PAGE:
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NREI Research Series
Part 5: Taking Space

Respondents remain bullish on the outlook for occupancies. The majority of respondents (65 percent) said they expect occupancy rates to rise in their region in the next 12 months. However, about one-fifth, or 22 percent, said they think occupancy rates will decline. And about 13 percent said they will remain flat. Those results were similar to what respondents said in the fall survey.

The picture was similar on rents. Respondents remain bullish, but the sentiment has begun to shift slightly. Overall, just more than three-fourths of respondents (77 percent) expect rents to rise in the next 12 months, while only 14 percent expect them to decrease. But both figures moved slightly compared to the fall, when 83 percent said they expected rents to rise and only nine percent said they expected them to fall.

Recent reports by real estate services firms JLL and CBRE show that the national vacancy rate rose to an average of 13.2 percent, a 10 basis point increase from the fourth quarter of 2015. But, even with the increase, the rate remains at the lowest level since 2008, and the expected project deliveries will barely make a dent in demand. The nearly 47 million sq. ft. in new supply expected by December is already 54 percent pre-leased, according to JLL.

Leasing volume has been down recently because of stock market volatility and concerns over the economic slowdown in China and low oil prices, notes Julia Georgules, vice president of office research for JLL. Relocations and lease renewals dominated activity in the first quarter, at about 16 million sq. ft., compared to about seven million sq. ft. taken off the market due to expansions and new leases. “With the uncertainty, you saw tenants take a wait-and-see attitude to how things are going to shake out this year,” Georgules says.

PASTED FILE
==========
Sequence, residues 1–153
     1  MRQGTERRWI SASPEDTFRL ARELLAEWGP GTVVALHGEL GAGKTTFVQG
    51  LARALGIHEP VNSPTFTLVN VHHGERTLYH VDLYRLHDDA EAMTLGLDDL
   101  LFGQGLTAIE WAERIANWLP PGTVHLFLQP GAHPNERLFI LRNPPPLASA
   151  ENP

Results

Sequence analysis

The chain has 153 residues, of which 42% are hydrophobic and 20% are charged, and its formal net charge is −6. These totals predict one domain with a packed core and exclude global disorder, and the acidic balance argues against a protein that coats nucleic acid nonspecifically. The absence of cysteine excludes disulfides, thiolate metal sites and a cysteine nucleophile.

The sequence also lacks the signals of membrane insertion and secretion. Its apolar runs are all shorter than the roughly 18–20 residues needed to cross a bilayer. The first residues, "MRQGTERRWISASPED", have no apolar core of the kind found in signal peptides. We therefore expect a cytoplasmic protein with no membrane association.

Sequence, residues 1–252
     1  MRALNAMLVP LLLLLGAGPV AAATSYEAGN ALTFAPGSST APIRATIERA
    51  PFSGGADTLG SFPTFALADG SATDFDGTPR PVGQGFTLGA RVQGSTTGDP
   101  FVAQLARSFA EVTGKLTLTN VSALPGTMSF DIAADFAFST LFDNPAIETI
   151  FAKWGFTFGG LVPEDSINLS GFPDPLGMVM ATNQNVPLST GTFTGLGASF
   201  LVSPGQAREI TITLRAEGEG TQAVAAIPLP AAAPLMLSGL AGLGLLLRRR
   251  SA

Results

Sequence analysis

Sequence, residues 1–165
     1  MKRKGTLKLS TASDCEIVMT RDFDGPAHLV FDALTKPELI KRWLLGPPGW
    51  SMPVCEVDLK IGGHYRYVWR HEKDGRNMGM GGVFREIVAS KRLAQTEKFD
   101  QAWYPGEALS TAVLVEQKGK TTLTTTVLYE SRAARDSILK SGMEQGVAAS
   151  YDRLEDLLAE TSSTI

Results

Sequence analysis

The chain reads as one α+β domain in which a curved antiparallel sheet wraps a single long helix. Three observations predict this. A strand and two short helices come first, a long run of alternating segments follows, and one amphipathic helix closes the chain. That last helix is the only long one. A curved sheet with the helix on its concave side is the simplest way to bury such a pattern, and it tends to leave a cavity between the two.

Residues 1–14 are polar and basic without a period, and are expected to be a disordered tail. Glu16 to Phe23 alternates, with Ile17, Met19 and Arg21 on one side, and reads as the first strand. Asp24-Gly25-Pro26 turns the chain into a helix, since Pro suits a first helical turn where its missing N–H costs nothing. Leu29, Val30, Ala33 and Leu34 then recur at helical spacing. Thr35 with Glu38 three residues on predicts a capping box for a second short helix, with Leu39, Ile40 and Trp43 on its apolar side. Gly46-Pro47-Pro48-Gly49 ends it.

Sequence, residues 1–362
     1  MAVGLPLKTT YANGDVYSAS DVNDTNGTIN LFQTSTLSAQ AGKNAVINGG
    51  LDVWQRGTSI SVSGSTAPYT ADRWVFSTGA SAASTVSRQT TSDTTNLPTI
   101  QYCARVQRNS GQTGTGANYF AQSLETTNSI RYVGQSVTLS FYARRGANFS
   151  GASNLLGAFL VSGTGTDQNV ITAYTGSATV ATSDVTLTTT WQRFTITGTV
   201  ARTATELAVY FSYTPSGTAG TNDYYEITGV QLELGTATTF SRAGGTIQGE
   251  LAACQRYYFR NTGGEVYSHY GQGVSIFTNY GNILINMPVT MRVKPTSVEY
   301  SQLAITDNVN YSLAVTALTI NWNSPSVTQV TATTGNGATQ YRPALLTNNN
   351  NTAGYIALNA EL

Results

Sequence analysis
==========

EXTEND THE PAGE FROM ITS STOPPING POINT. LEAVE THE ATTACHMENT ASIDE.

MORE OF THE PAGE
Another reason for the deceleration in leasing momentum is the growing belief by some economists that the technology bubble could soon burst.

That thought process has been brought on by the rise in rental rates, especially in markets dominated by technology tenants. Tech-heavy markets such as San Francisco have experienced the strongest demand, and boast the lowest vacancy rates, according to JLL. The national average direct asking rent climbed to $32.28 per sq. ft. in the first quarter, with some markets seeing whopping increases, such as Silicon Valley’s 15.8 percent and Oakland-East Bay’s 9.7 percent.

The increase in office vacancy this year was also caused by significant levels of new supply coming to certain markets, including Boston, Dallas and Washington, D.C., said Jeffrey Havsy, chief economist for the Americas with CBRE, in a statement. A total of 13 markets had higher vacancy rates than in the first quarter of 2015, including Houston, Pittsburgh and Denver. However, other markets experienced outsized occupancy growth in the first quarter, led by Detroit at 130 basis points, and followed by Nashville, Tenn., Louisville, Ky., Columbus, Ohio, Cleveland, Milwaukee, Wis., San Diego and Seattle, which all posted occupancy improvements of 60 or more basis points since the fourth quarter. 

TAGS: Office News
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